I purchased my home in 2016 and refinanced my mortgage in 2020 (so, I only received one 1098 form in 2021). My current mortgage is slightly over $1M, I did not take any cash out when I refinanced and I file married/joint.
When I input my mortgage information in TurboTax (Premier / online), it does not give me any deduction for my mortgage (i.e., it is implying that the deduction is not large enough to itemize my deductions and it is instead using the standard deduction.
I'm confident that this is wrong, as:
- Given the 2016 date for my original loan, I should be able to deduct my pro rata interest expense up to the $1M mortgage limit. The full mortgage interest I paid (i.e., what's on my 1098) was ~$27k, and after adjusting for the pro rata impact up to the $1M cap, my deductible interest should be ~$24k
- In addition to the deductible mortgage interest, I have >$10k in state and local tax payments, which combined with the deductible mortgage expense should put my itemized deductions > standard deduction
When I tried to trouble-shoot the problem by changing certain inputs in the 1098 section, I found that when I put $999,999 as the outstanding mortgage principal it gave me the full / correct deduction, but when I increased that by just $2 (i.e., to just over $1M) it gave me no deduction (i.e., the pro rata adjustment that should kick in above the $1M threshold doesn't seem to be working).
For reference, in terms of what I inputted:
- I checked "No" to "Is this the original loan you used to buy your property?"
- I checked "Yes" to "Is this loan a home equity line of credit (HELOC) or a refinance of a previous loan?"
- I checked "No" to "Did you take cash out when you got this loan?"
- I'm asked to enter my loan balance as of January 1, 2022 (which was also modestly over $1M)
- I checked "Yes" to "Do either of these apply to this loan (The original loan was taken out on or before December 15, 2017 and the loan amount has not increased due to a cash out refinance)"
- I'm asked to enter the date I purchased the property secured by the loan (June 2016)
Am I inputting something incorrectly / should I change my responses to any of the questions / prompts? Or, is there a workaround in terms of how I should enter my mortgage info in TurboTax to make the calculation work correctly?
Thanks in advance for any help / guidance, I really appreciate it!
i tried out the mortgage interest issue on desktop deluxe using simulated data using a 2017 date for the refi and like you, indicated there was no cash out on the refi. the loan balance at the beginning of the year was $1.2 million and the balance at the end of the year was $1 million. turbotax should have averaged the balances and given me a deduction based on $1 million/ $1.1 million times the interest paid. it failed to average the balances and thus gave me a 100% deduction which is wrong. this appears to definitely be a bug that may have resulted in thousands of taxpayers overstating their mortgage interest deduction. Turbotax are you listenning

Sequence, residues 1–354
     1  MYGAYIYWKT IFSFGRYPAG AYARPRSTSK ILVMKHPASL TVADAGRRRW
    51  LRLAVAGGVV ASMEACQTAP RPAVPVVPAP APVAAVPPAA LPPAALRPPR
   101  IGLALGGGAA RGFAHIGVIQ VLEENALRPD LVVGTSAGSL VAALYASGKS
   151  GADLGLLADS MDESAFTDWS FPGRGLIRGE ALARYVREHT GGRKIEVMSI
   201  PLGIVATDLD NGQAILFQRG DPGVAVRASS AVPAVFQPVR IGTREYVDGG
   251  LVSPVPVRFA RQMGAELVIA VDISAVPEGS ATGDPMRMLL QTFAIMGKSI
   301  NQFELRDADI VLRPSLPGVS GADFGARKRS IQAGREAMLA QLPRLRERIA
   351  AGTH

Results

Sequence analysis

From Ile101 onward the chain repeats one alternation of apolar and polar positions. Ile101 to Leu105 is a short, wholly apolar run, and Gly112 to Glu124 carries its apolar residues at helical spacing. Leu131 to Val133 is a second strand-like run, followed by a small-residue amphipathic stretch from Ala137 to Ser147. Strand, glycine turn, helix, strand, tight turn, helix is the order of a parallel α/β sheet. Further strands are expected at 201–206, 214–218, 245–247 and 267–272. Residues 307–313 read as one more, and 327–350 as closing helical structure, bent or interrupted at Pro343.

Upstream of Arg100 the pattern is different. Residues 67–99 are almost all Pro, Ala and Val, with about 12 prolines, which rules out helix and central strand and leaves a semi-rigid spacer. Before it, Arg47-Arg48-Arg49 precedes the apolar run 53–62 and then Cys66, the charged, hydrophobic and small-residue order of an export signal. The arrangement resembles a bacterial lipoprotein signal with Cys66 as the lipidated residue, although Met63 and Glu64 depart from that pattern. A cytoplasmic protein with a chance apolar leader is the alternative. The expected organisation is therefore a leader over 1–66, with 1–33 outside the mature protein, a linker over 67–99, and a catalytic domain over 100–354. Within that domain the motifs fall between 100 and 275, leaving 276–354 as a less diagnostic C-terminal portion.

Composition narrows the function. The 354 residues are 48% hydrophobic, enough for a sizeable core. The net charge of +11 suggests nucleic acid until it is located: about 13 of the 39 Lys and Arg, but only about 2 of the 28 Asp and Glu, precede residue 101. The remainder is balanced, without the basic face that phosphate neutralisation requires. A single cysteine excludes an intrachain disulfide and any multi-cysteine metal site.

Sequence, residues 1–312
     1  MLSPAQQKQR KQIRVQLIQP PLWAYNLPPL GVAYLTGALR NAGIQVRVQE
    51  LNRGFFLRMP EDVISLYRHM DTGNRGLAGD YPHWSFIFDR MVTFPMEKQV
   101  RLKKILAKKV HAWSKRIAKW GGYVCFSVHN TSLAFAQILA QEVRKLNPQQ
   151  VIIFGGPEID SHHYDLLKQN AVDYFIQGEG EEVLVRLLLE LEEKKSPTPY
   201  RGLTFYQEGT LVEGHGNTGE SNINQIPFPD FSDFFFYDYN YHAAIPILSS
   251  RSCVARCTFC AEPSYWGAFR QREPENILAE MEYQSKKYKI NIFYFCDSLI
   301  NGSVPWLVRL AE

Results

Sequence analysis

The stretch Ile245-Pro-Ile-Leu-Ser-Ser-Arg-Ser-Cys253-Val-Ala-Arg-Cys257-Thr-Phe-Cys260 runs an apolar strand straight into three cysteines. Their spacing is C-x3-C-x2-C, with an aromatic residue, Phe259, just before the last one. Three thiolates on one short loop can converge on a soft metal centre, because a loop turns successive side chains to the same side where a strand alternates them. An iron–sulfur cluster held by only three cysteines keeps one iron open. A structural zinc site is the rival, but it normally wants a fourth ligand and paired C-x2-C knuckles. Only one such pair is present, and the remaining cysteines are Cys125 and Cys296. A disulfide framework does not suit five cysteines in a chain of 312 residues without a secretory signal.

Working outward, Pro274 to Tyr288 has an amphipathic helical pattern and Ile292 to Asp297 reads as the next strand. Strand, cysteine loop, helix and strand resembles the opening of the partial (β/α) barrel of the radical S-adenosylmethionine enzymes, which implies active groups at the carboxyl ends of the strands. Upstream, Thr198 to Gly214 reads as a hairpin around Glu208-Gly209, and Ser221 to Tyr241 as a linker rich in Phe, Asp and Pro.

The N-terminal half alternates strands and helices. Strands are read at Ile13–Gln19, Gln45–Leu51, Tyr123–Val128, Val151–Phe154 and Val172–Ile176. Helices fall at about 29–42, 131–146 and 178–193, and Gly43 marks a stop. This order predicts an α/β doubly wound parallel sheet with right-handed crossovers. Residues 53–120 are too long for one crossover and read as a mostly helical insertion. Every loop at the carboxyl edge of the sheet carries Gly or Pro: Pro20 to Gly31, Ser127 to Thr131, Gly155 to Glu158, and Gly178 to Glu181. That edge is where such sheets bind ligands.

@Mike9241 - I tried it in the deluxe version (desktop) and it wasn't easy to get it to work, but it did. I played with it for quite awhile. Better than 2020, but still not intuitive. Once of the criticals was to enter the mortgage origination date (box 11) as prior to 12/15/17, even if Form 1098 was blank.
I also went into Forms mode to be sure all the worksheet items were checked - some of them were blank, as I wasn't asked about them in interview mode.
Just bumping / following up to see if anyone had any guidance / solution for this issue?
Is this issue not there or fixable (with forms?) in the desktop version? I wanted to see if people thought this would be helpful (or if there's a workaround in the online version) before I tried switching over to try desktop.
Thanks so much!
@dbergman suggest just calculating the interest yourself (seems you have a good handle on that) and enter that figure in the 1098. The IRS is not going to care that you report a lesser number as you are taking a deduction less that is reported on the 1098 and you'll have your manual calcuation to support how you came to that conclusion.
you can use the worksheet on page 12 of the attached to get to the exact result. Start with Line 2- you have no 'grandfathered mortgages'.
Assuming a fixed rate loan, you can take the interest and divide by the interest rate to get the 'average mortgage balance'. it should be similar to a two point average but may give you a better deduction - slightly. (left side of Page 13)
Alternative: call support and have them walk you through this (they can screen share)
@NCperson Thanks so much for the reply / advice -- that's helpful and makes sense.
One follow-up question, though -- even if I adjust the interest amount on the Form 1098 input, unless I adjust the mortgage amount as well (i.e., lowering it to something under $1M), I'm still running into the issue where TurboTax isn't giving me any deduction (i.e., something screwy in the calc is reducing the deduction either to $0, or below the amount that have me itemize deductions). Can I also adjust / lower the mortgage balance in 1098 (in addition to the interest amount), or would that cause an issue?
Thanks again for the help, I really appreciate it!
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